Cagain said Deer Crest staff also spent a week introducing the procedure to participants by rubbing them with lotion and loading the diffusers with water to get them used to the sound.

"A change in routine for dementia patients can be jolting," Cagan said.

Participation in the study was voluntary and it was conducted with family consent, she added.

A good night's sleep

People with Alzheimer's disease and other forms of dementia tend to have a hard time sleeping or see their condition worsen at night, a phenomenon known as "sundowning," according to the Alzheimer's Association.

As many as 20 percent of Alzheimer's patients experience increased symptoms of confusion and anxiety beginning at dusk, the organization said. The disruption to the sleep cycle can cause additional agitation throughout the day.

There was evidence pointing to lavender having an effect on nighttime behavior in dementia patients, but clinical research on the subject was lacking, Cagan said.

The key to lavender's potency are the hundreds of chemical compounds found in its oil, said Traci Lebens, an independent distributor with Young Living -- a leading provider of therapeutic-grade essential oils.

When inhaled, lavender oil molecules are small enough to bypass natural barriers and enter the pineal and pituitary glands of the brain, quickly impacting emotion, Lebens said.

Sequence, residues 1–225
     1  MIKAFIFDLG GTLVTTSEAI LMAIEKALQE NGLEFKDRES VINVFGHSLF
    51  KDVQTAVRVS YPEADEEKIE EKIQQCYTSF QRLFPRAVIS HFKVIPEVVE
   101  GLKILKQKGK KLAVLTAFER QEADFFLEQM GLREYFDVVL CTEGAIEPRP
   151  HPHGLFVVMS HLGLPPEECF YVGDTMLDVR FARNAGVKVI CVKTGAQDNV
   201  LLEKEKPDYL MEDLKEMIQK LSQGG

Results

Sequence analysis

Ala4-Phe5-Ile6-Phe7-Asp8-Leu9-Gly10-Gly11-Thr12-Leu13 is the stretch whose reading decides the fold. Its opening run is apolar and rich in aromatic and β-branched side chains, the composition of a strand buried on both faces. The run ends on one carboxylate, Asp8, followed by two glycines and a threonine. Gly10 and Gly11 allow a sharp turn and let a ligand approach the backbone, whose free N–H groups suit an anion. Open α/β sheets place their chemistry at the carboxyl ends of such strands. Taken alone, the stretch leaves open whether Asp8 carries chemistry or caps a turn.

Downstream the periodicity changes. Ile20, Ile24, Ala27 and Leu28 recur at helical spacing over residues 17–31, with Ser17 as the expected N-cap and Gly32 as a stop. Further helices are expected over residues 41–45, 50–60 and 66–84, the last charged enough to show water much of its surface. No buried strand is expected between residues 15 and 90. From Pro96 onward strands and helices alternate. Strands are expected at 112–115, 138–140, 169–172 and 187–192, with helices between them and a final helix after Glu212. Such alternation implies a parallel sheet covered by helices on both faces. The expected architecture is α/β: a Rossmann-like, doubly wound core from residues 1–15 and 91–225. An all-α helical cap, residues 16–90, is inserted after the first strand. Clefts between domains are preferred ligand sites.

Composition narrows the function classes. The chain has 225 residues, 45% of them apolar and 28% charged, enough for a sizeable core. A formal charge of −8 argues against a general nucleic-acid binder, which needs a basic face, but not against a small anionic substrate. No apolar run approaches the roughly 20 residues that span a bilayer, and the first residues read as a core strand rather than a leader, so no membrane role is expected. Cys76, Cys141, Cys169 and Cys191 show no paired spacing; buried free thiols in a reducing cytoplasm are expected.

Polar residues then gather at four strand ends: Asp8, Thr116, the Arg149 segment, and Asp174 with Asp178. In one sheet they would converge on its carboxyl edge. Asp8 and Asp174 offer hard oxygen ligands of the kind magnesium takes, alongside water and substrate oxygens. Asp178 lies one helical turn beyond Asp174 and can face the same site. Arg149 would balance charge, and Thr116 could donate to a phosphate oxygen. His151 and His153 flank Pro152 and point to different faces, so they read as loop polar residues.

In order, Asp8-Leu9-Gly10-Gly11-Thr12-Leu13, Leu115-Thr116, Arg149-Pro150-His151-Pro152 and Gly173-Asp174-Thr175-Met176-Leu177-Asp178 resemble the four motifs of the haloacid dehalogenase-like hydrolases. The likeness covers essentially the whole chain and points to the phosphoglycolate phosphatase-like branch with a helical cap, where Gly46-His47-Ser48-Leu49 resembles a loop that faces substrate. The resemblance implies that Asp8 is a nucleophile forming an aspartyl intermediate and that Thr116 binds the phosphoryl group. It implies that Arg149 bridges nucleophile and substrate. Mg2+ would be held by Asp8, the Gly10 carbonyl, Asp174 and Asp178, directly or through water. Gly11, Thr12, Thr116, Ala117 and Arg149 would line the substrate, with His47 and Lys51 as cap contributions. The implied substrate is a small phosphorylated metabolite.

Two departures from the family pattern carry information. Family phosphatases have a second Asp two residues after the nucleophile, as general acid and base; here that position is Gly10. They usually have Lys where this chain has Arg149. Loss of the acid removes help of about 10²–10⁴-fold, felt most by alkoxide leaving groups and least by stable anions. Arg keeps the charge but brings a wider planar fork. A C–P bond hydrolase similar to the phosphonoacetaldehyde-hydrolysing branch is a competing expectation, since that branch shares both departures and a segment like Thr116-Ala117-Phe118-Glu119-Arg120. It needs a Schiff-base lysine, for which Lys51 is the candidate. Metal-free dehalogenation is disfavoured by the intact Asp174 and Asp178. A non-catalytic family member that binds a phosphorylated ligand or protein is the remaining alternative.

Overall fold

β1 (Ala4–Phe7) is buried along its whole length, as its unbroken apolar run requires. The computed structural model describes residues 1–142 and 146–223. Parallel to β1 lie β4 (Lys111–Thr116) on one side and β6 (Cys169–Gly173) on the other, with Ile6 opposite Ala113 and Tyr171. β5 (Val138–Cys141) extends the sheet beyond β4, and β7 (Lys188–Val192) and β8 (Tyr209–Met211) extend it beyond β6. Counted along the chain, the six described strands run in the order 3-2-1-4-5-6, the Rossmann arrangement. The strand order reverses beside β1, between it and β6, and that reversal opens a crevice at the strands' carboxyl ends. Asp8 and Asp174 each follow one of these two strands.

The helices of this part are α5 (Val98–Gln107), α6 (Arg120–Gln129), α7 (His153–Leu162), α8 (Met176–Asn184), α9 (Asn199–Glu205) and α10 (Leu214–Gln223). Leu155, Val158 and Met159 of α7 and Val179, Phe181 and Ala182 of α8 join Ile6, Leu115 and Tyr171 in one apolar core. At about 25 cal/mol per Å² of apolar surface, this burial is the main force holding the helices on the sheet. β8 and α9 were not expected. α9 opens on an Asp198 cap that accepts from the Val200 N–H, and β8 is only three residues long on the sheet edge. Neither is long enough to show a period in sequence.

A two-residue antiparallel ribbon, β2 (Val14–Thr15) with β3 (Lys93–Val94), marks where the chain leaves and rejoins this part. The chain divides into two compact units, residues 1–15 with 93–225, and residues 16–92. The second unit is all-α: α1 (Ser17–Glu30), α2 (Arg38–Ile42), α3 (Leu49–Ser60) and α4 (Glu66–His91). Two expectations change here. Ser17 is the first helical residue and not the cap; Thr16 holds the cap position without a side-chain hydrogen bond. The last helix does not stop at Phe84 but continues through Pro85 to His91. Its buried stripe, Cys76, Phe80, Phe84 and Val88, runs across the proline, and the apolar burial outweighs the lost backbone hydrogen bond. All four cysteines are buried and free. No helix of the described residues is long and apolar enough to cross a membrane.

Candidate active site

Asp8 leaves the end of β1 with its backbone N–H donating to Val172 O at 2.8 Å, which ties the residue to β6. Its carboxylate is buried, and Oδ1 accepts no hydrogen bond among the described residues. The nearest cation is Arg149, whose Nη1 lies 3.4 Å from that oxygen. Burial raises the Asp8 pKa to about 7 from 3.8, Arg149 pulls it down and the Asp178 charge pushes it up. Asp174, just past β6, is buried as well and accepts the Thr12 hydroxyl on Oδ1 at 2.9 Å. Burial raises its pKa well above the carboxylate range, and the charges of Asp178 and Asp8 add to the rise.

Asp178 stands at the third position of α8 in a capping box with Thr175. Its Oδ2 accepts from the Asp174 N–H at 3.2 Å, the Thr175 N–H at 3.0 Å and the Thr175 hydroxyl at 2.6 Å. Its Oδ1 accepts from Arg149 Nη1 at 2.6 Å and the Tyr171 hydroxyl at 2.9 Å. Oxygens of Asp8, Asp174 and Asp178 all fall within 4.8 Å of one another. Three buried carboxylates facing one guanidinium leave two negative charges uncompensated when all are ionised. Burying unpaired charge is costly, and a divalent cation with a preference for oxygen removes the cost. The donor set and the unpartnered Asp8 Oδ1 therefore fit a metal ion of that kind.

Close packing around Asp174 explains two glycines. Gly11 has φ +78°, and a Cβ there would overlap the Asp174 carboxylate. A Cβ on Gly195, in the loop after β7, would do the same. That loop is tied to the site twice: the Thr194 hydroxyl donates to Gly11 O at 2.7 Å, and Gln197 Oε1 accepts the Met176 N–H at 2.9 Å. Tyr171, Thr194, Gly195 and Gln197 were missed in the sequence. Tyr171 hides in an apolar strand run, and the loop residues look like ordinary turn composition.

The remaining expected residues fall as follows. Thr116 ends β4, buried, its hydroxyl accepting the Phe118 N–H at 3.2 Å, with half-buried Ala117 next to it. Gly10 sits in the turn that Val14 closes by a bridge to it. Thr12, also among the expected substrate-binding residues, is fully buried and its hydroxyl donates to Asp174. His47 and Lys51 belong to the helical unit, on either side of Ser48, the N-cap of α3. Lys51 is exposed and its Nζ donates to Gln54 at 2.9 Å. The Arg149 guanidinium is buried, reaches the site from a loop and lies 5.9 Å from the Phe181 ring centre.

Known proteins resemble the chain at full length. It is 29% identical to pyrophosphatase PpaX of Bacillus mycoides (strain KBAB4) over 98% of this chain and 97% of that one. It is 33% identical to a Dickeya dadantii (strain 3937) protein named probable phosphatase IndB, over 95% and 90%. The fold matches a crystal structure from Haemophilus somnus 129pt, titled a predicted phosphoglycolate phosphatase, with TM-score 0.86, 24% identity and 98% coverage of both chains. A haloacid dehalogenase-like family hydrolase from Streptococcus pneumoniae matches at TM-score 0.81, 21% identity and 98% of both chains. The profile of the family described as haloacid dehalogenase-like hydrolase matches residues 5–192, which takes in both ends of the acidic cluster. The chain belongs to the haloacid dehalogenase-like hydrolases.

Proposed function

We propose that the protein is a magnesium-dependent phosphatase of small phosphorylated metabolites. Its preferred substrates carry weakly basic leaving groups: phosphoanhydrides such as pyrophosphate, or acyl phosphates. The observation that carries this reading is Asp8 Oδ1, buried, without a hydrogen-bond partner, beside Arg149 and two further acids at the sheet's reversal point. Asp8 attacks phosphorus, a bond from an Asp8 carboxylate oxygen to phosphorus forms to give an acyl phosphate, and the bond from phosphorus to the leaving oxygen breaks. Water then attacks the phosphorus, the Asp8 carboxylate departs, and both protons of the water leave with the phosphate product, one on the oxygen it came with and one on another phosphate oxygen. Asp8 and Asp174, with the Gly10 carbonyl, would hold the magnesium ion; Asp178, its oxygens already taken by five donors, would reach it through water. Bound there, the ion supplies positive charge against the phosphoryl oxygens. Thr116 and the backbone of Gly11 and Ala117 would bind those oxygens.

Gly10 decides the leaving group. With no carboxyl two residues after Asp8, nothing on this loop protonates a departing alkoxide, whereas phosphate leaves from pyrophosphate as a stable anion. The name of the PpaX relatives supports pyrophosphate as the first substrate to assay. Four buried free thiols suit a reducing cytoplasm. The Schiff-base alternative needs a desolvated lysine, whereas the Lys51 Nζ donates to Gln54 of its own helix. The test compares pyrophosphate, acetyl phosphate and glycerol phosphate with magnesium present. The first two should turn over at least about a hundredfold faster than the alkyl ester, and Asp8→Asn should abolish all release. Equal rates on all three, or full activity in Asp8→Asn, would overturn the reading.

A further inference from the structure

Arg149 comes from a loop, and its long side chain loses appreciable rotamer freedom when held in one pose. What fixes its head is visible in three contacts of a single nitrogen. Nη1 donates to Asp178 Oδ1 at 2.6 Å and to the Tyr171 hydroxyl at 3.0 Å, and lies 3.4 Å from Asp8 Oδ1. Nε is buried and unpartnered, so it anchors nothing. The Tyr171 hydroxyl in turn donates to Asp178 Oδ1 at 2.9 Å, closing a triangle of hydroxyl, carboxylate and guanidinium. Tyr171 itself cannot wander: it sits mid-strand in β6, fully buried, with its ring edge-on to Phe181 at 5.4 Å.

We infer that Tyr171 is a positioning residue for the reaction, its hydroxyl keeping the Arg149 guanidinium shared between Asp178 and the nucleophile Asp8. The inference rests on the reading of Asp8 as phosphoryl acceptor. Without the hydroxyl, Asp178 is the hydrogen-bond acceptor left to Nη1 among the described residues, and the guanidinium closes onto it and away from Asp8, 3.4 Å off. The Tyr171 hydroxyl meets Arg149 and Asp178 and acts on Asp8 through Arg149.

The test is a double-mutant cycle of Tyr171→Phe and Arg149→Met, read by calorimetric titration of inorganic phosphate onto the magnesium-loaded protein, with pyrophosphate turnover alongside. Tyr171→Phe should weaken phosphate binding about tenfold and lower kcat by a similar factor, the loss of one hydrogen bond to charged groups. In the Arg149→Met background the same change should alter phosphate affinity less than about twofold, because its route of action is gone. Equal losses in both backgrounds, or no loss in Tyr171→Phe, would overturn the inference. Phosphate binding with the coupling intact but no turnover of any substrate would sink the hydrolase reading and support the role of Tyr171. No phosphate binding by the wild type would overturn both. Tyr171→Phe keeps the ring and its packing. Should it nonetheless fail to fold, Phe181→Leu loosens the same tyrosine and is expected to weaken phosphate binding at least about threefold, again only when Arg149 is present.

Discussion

"And it's so diverse in its uses," Lebens added. Not only has lavender been shown to have a calming effect, but it can be used to treat burns, cuts and other skin conditions as well.

The oil and diffusers used in the study were donated by Young Living, Lebens said.

Care alternatives

The aromatherapy study was inspired by Jayne Clairmont, owner of English Rose Suites, Cagan said.

Clairmont -- who has promoted the use of essential oils in assisted living environments for years -- suggested the idea to Dr. Leah Hanson, co-director of the HealthPartners Center for Memory and Aging.

"They wanted to see if (lavender aromatherapy) had scientific merit," Cagan said.

Deer Crest was chosen as a test venue after staff voiced interest in the study while conducting in-service training with English Rose Suites, Cagan added.

Deer Crest, which houses about 80 residents, is operated by Ebenezer, a faith-based, nonprofit division of Fairview Health Services.

Julie Walton, who took over as Deer Crest executive director in September, said the results of the study were surprising.

A nearly 15-year veteran of the assisted living field, Walton said she heard of essential oils being used to help treat certain behaviors, but never saw a controlled study on lavender aromatherapy for sleeping before now.

Walton said she expects Deer Crest and other assisted living facilities to begin using lavender therapy more regularly following the study, especially as a way to cut down on pharmaceuticals.

"Folks with memory loss issues can be on a lot of medication," Walton said. "So if there are some natural substances out there ... instead of introducing another medication, I think that's something that all types of communities are going to buy into."

Ebenezer offers a number of alternative therapies to help improve residents' mood and mental health, including art and learning programs, Walton said. The Deer Crest location uses pet and music therapy, along with culinary and fine arts classes.

"We're looking outside the box," Walton said.